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January 11 2017
By Westminster Watcher

Our man based in Westminster is a seasoned political watcher follows the implications on the coach, bus and minibus industry of debates and decisions being made by politicians both in London, as well as the devolved regions. The nature of his role and contacts means he has to remain anonymous, as he keeps his finger on the political pulse...

Starting a glorious new era?

Will 2017 be the year that bus franchising finally comes to Greater Manchester, or at least substantive progress is made with the procurement process?

Royal Assent to the Bus Services Bill is scheduled for end March, and as I understand it the Greater Manchester Combined Authority wants to get going with the franchise procurement process as quickly as possible thereafter.

Depending on your point of view, this is either the start of a glorious new era for bus services in Manchester, or the end of the world as we know it.

Readers will be aware where I stand on the issue of regulation versus deregulation. If I were a neutral bystander part of me would be saying “bring it on”, because I would want to see if franchising can work, or not.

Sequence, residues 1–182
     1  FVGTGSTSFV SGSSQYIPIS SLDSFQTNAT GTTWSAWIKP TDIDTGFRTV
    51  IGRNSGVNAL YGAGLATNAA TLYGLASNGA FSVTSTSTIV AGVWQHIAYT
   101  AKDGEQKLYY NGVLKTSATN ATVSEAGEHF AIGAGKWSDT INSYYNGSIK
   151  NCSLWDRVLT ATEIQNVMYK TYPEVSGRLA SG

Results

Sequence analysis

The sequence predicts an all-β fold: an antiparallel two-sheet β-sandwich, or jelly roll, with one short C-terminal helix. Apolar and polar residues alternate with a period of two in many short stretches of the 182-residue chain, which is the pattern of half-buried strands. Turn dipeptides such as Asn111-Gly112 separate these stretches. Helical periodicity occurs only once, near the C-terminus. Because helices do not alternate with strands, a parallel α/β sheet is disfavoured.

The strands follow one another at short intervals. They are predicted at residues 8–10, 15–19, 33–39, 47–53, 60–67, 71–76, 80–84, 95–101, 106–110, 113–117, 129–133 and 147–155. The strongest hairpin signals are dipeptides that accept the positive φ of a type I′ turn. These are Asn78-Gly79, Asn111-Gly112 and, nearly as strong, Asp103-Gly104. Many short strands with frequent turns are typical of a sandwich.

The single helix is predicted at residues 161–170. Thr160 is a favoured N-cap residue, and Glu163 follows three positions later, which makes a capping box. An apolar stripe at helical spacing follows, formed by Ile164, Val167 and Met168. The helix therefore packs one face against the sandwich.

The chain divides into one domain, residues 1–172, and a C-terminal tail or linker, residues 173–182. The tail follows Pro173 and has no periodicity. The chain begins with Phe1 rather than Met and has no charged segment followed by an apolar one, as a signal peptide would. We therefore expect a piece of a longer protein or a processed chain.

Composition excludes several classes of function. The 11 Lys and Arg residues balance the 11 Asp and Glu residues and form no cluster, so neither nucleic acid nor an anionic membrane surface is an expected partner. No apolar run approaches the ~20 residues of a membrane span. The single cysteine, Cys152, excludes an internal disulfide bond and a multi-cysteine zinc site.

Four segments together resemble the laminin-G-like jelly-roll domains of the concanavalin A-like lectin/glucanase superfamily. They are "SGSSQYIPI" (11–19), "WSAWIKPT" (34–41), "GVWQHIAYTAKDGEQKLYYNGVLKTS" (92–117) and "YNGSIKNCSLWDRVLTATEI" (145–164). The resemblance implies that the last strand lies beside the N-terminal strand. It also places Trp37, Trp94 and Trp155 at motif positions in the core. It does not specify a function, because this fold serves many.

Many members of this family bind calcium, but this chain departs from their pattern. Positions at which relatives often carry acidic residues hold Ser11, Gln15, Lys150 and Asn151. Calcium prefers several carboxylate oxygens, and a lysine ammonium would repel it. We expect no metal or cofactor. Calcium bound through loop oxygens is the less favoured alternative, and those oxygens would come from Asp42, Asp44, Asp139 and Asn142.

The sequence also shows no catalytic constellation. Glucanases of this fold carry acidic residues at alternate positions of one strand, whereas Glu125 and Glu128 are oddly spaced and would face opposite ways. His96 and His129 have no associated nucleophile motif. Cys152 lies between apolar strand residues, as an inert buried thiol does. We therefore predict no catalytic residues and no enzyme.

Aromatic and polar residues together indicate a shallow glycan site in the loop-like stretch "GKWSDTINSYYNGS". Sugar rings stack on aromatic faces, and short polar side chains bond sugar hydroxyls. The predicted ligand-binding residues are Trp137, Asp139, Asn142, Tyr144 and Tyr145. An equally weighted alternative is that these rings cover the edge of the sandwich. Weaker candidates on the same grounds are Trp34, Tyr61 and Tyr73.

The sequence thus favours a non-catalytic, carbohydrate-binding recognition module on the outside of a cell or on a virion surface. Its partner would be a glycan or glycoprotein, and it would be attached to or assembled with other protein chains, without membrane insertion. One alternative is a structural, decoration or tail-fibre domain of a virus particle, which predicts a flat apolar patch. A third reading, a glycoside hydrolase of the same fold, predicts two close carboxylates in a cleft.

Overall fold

The trouble is that in the early months, or at least the first year, it may look as if it’s working.

But when the money runs out, what does the Combined Authority do? Go running to the Department for Transport to be bailed out? No chance of that, I can assure you.

Or does it put up Council Tax to raise the additional funds that will become necessary? I have a suspicion that Councillors will shy away from that, as they won’t want to risk a backlash from the local electorate. And then, I fear, it will all end in tears.

But the bigger issue for 2017 must be Brexit. With Theresa May determined to trigger Article 50 by 31 March, the negotiations to determine the terms of our exit from the EU will then start in earnest.

Brexit probably more directly affects the coach industry than bus operators, but I would urge all parties to watch developments closely.

This is a step into the unknown, and I don’t think anybody, from Theresa May and Angela Merkel downwards, has a clue how the negotiations will pan out. As with bus franchising, so with Brexit we are either marching towards a promised land filled with milk and honey, or towards Armageddon.

But, as of today, we still don’t really know if Theresa May is serious when she says she won’t call an early general election, or whether she’s bluffing.

If the Conservatives perform well in the Copeland by-election and win this seat off Labour with a convincing majority, then I can see Theresa May increasingly tempted to go to the country sometime soon. Why wouldn’t she, as the Conservatives have a 15% lead over Labour in the polls.

There is much to look forward to in 2017, with either a sense of great excitement at the opportunities ahead, or with trepidation at the risks and dangers that we will have to navigate our way through. Either way 2017 holds the prospect of being as tumultuous as was 2016. 

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